assigned by Mortgage Electronic Registration Systems, Inc. to
BAC Home Loans Servicing, LP. On July 27, 2010, Fidelity
National Title was substituted for Recontrust as trustee
under the deed of trust. On September 9, 2010, the
Association recorded Notice of Delinquent Assessment Lien,
which was released on April 28, 2011 after the Association
received payment for the entire amount. On December 28, 2011,
the Association recorded a second Notice of Delinquent
Assessment Lien, stating that MAT owed $2, 677.24 in past due
assessments, late fees and interest. On February 23, 2012,
the Association, through its agent Nevada Association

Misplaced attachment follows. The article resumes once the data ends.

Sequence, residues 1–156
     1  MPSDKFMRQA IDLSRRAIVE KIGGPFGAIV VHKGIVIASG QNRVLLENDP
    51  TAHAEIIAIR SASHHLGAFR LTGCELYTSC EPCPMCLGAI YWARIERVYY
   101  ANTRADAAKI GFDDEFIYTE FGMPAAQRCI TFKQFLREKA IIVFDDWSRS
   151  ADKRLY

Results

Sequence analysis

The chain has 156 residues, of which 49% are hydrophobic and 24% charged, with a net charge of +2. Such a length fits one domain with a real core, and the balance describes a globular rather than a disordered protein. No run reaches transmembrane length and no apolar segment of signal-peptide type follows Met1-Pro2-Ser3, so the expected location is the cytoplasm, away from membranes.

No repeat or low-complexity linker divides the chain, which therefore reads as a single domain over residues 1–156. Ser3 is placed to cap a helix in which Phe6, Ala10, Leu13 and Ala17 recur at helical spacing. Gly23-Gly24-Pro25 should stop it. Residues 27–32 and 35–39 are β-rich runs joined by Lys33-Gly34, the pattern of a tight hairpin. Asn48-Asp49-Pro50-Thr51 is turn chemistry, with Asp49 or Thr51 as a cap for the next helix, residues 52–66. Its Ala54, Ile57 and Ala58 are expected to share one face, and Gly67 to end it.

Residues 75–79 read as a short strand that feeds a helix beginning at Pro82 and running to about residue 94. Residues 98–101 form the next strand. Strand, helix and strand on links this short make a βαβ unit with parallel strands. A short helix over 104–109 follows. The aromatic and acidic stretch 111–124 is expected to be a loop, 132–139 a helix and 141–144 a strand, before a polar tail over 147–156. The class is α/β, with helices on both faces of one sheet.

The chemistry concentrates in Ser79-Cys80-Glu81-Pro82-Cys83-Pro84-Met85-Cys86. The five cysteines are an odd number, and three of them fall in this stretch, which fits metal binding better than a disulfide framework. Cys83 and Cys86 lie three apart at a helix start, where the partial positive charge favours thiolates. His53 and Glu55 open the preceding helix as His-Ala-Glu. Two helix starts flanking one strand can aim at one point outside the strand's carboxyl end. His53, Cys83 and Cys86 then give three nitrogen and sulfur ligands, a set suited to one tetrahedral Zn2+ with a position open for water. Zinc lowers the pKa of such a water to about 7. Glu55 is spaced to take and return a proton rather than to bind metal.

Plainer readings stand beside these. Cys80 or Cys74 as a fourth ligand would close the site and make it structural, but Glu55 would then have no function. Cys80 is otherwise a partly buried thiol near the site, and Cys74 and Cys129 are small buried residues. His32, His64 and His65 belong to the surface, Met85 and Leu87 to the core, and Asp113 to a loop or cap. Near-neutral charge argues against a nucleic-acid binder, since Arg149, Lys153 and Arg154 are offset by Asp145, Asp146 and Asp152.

Services (“NAS”) recorded a Notice of Default and
Election to Sell under the second lien, stating that MAT now
owed $3, 854.72.
servicers of the loan at the time, Bank of America, N.A.
(“BANA”), offered to pay the super-priority
amount, nine (9) months of assessments. BANA's counsel
contacted the Association to pay the delinquent assessments.
BANA then paid the full amount of $3, 854.72. The Association
then released the second lien on or about October 22, 2012.
On or about August 29, 2012, the first deed of trust was
assigned from BANA to Plaintiff U.S. Bank.
March 26, 2013, the Association, through its agent NAS,
recorded a third Notice of Delinquent Assessment Lien
(“the Operative Lien”). The Operative Lien stated
that MAT now owed $1, 429.58. On June 11, 2013, NAS, as agent
for the Association, recorded a Notice of Default and
Election to Sell in order to satisfy the Operative Lien. The
notice stated that the amount due the Association was $2,